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Update: Paget’s
21 Posts

Hi All,

I want to give you an update on where I am at today. I am 8 weeks of recovery post mastectomy (left side) after a punch biopsy diagnosis of Paget's disease of the breast.

Background: I had an eczema like rash on the areola and nipple. GP treated with steroid cream for 1 mo. When this didn't clear it up, I was sent to a skin specialist who suspected Paget's and did a punch biopsy March 22. April 9 biopsy confirmed Paget's disease of the breast. Referred to Surgeon, April 27 discussed surgical options. Normal protocol is lumpectomy and radiation, however radiation was not an option for me as I already had my lifetime amount for Hodgekin's in my early 20's. Only option was a mastectomy with or with or without reconstruction. My only reconstruction option was a Flap procedure, as implants require tissue expansion which my previous radiation made impossible. I chose no reconstruction, I am 48, and I didn't know how well I would heal per the previous radiation. I had sentinel node mapping on May 25 and surgery on May 26.

Pathology: Successful surgery with clear boarders. Tumour size was .8cm by .3cm. Identified as “Invasive” Paget's disease of the breast, Stage 1A, Grade 2, with DCIS Grade 3. Lymph nodes were clear. Biomarker's came back as triple positive: Estrogen+, Progesterone+ and HER2+.

I met with the medical oncologist yesterday to find out the recommended treatment: 5 years of Hormone therapy, (daily pill) Tamoxifen (Novadex/Tamofen) to prevent the hormones from stimulating any cancer cells left behind. 1 year of Targeted therapy (17 treatments, every third week) of Trastuzumab (Herceptin) to prevent HER2 protein from stimulating any possible cancer cells left behind. And because Herceptin works better in conjunction with a chemo drug, 12 weeks of (small dose once per week) Paclitaxel (Taxol). This will hopefully reduce chances of allergic reaction.

I will start treatments the end of next week, and will have a barrage of appointments and tests prior to then. ECG, blood, and have a port installed. Chemo from Hodgekin's burnt out my veins so a port is a must. I will be a trophy shelf of scars at the end of this!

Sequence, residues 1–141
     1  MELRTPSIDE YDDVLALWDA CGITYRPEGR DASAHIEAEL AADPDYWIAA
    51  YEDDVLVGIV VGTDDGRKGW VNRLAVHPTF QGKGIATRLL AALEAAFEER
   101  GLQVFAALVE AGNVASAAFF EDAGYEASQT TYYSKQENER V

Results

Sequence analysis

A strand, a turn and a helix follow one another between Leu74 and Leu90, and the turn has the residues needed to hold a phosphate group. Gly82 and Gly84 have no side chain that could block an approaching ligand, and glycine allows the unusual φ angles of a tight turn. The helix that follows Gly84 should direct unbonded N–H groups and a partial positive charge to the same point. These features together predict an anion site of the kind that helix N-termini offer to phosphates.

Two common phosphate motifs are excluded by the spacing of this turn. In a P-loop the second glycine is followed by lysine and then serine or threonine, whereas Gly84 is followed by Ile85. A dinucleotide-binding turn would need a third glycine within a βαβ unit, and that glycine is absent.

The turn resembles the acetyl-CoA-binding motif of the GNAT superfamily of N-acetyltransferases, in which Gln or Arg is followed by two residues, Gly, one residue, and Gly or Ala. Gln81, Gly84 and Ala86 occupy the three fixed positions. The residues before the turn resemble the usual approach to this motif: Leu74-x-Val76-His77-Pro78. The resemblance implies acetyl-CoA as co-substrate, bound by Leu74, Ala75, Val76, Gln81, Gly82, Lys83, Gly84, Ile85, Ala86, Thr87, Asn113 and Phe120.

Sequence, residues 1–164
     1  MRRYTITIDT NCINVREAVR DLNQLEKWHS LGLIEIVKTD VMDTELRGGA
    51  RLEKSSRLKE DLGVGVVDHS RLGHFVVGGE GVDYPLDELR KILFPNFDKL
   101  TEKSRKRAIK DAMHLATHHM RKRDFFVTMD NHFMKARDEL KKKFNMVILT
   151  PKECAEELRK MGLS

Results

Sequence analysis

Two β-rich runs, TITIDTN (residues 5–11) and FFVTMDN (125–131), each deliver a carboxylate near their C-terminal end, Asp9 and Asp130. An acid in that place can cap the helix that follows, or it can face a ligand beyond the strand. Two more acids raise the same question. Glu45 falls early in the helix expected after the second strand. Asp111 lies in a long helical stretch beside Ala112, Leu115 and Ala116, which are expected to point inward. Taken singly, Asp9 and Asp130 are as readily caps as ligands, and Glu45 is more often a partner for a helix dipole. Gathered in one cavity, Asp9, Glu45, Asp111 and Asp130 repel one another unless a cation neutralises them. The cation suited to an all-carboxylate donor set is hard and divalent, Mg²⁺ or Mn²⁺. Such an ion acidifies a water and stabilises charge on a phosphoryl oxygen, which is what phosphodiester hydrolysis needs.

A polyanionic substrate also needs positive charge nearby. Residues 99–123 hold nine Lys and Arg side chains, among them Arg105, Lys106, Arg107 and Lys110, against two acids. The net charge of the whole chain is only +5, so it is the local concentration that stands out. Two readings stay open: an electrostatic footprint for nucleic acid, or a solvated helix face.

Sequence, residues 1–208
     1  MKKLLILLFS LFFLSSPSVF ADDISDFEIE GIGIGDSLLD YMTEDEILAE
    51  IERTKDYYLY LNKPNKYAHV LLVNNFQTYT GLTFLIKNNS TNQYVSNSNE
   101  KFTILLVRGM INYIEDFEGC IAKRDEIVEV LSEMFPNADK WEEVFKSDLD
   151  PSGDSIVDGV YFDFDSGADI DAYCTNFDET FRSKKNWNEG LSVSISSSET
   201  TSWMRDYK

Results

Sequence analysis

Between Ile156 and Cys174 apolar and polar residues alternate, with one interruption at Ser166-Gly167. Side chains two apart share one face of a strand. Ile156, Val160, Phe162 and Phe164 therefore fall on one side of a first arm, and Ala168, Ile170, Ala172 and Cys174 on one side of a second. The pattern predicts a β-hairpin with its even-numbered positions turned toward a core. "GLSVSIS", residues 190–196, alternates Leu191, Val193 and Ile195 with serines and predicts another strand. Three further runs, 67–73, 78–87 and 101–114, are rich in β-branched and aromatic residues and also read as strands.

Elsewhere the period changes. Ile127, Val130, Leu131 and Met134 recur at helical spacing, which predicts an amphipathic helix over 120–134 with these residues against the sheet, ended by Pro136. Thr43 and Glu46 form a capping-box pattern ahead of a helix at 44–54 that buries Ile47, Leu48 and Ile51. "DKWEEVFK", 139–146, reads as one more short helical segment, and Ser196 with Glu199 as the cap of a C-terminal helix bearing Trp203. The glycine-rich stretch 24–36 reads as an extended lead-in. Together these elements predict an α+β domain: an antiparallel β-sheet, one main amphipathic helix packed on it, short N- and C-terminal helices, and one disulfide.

I am accepting tips and tricks to minimize side effects! I have heard icing hands and feet should help prevent neuropathy during taxol. I also understand I will lose my hair… again! Anything else? Besides eat well and keep exercising!

I am off to a women's retreat this weekend in Water Valley, AB. 3 days of yoga, hiking, kayaking, nature and good energy. Good preparation for the weeks to come.

Thank you all for posting your stories and the questions you have asked and answered. I have learned a lot from this group and was well prepared for hearing the recommended treatment. *Interesting fact: There are only 30 clinical cases of “Invasive” Paget's disease! 31 now! With treatment recurrence is only 1-2%!

5 Replies
2051 Posts

@Kit08 thanks for updating - you say triple negative, but I think you mean triple positive?

I had Paclitaxel and tolerated it reasonably. I do have some minor neuropathy for it. Unusually this occurred for me after the first dose, whereas it’s usually cumulative. They did reduce the dose (they assume most patients won’t complete and calculate based on assumption of 70% dose). I was already fatigued from other chemo, but taxol wasn’t quite so bad - I continued my 2 hour daily naps until chemo was done to help my body recover. I’ve heard many women can work through weekly taxol, but of course working potentially exposes you to more infections which you might want to avoid.